Documents Prove Monsanto Has Known Roundup Was Dangerous For Years

Glyphosate no longer needs an introduction. The famous weed killer Monsanto began producing in 1974 under the name of "Roundup" has now fallen into the public domain. Since March 2015, the product has been classified as "probably carcinogenic" by the International Agency for Research on Cancer.

Monsanto has been disputing the danger of glyphosate for years, producing studies, expert testimony and counter arguments in favor of their product. There's even been suspicion that the corporation paid researchers and possibly the EPA itself to make false claims in support of the product.

Le Roundup, le désherbant le plus utilisé dans le monde (©Mike Mozart/Flickr)

Roundup, the most widely used weed killer in the world. (Source: Mike Mozart/Flickr)

But Monsanto seems to have finally been caught red handed, as the New York Times reports that new evidence has come into play. On Tuesday, a federal court released the "Monsanto Papers" – 250 pages of internal correspondence proving explicitly that Monsanto was aware of the toxicity of glyphosate, the main ingredient in Roundup, the most widely used weed killer in the world.

A genotoxic substance

The correspondence dating back to 1999, reveals that at the time, Monsanto wanted to prove that their product was harmless by producing a reliable and indisputable study.

They reached out to James Parry, a scientist specialized in genotoxicity, and professor at the University of Swansea in Wales. Except that instead of confirming that the product was safe, Parry's research found that glyphosate had a potential clastogenic effect in vitro, which means the substance can disrupt DNA and cause chromosomal anomalies.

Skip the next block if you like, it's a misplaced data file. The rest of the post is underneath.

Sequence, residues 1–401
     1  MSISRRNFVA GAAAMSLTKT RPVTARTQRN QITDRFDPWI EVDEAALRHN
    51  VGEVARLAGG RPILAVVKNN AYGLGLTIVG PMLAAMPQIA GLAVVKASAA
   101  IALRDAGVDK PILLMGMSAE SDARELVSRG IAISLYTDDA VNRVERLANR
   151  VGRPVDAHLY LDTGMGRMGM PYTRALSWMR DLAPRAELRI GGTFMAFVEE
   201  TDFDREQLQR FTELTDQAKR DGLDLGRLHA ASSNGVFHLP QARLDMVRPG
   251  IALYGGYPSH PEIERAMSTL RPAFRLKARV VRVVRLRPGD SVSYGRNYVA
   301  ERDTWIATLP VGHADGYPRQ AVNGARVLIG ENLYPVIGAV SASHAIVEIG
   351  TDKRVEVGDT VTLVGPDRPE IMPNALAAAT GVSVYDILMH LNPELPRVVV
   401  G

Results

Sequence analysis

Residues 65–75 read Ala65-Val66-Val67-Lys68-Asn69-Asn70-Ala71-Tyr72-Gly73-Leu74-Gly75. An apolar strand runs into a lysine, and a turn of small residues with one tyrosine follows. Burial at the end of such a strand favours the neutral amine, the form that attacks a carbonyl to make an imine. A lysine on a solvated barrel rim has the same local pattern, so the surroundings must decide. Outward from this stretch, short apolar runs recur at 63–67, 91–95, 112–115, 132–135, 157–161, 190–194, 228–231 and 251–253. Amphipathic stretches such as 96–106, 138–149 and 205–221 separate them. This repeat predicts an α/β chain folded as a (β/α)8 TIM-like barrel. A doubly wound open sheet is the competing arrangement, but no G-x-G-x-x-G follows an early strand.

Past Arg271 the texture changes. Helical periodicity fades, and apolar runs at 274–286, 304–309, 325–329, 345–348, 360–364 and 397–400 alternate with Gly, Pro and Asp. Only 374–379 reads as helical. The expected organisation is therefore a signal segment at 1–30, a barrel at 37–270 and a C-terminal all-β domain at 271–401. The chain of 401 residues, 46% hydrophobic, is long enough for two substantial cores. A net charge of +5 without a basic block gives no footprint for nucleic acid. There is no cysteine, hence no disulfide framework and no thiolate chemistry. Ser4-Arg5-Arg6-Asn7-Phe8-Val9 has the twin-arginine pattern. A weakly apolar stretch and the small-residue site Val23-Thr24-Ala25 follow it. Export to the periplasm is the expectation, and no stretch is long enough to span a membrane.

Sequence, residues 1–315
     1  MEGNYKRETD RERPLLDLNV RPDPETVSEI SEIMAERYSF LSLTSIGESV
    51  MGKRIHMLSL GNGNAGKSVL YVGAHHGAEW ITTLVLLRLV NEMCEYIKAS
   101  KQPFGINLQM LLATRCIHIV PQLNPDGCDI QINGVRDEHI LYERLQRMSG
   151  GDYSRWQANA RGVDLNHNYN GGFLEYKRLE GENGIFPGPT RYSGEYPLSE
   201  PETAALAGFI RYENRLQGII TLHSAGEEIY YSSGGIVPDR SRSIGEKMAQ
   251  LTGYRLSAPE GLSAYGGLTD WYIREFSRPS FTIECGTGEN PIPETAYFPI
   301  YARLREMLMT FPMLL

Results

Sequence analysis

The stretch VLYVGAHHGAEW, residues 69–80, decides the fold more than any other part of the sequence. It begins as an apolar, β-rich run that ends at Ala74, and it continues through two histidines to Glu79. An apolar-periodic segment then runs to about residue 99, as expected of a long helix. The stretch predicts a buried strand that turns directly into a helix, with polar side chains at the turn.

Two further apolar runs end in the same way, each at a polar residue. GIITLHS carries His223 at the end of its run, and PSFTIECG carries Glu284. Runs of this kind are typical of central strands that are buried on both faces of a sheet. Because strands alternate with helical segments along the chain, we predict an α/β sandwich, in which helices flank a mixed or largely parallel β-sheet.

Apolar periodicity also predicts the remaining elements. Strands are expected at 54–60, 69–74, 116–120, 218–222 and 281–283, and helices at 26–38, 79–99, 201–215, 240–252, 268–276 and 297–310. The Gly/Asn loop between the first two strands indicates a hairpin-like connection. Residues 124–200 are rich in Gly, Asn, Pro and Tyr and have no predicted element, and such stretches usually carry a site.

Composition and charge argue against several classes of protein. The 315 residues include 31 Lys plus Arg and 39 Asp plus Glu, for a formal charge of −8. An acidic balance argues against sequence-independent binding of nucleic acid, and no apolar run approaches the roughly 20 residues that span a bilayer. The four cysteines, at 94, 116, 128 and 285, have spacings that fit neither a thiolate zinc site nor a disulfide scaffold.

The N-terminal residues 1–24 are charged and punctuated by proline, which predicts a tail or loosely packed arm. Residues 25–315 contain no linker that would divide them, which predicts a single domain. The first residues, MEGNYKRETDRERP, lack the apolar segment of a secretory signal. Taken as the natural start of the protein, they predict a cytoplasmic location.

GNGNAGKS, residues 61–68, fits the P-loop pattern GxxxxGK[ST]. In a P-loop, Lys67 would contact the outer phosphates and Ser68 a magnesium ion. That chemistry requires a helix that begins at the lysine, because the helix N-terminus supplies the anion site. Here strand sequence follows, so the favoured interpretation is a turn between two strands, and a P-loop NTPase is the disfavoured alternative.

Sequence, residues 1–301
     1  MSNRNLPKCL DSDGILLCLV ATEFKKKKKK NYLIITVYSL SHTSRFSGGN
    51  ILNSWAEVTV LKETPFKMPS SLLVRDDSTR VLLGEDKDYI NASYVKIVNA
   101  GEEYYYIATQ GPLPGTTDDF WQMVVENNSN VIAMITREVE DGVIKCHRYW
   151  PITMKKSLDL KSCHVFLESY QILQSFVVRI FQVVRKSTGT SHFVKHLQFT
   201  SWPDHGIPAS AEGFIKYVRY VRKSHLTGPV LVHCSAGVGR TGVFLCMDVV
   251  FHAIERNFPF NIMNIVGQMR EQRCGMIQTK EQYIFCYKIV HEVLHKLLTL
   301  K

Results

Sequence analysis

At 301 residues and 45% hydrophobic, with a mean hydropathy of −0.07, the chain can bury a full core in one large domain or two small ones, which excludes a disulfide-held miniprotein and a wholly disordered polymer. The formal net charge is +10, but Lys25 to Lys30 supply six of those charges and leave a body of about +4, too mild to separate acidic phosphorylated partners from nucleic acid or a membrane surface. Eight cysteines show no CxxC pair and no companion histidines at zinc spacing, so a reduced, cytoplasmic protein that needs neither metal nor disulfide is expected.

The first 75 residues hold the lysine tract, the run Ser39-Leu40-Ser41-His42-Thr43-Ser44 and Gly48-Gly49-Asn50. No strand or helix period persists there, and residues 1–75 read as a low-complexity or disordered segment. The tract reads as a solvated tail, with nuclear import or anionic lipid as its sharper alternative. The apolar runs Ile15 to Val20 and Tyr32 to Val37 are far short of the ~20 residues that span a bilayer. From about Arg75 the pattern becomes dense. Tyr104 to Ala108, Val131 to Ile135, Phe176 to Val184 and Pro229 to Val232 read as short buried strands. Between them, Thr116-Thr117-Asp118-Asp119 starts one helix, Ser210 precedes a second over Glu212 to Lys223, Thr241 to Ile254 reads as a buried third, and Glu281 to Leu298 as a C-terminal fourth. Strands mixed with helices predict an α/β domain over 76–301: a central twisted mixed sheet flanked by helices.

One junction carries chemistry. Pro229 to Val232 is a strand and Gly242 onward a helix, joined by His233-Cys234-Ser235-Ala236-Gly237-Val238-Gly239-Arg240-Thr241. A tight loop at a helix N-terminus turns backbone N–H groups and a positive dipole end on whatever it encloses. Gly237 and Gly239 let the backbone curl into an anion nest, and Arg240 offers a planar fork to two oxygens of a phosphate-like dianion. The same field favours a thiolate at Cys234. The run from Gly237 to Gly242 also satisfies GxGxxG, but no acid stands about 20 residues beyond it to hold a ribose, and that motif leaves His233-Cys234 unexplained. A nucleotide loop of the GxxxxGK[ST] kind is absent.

In other words, glyphosate contains properties capable of modifying the humane genome and causing cancer, which is why Parry recommended carrying out further research on the subject.

But Monsanto executives were not pleased with the findings. They said they were disappointed with the results and the report was buried. In correspondence between Monsanto toxicologists reported in French newspaper Le Monde, we read:

"Parry isn't the person we need and it would take a lot of time, money and studies to get him to be that person [...] We simply aren't going to conduct the studies he suggests."

Since then, the corporation seems to have gathered the "researchers" and "scientists" they needed to come up with findings they liked better.

Monsanto continues to dispute the findings of the World Health Organization (WHO) who has also classified glyphosate as a likely carcinogen. And considering the corporations was bought last September by Bayer for $66 billion, we assume they've got enough money to pay good lawyers and find "experts" to support their case.

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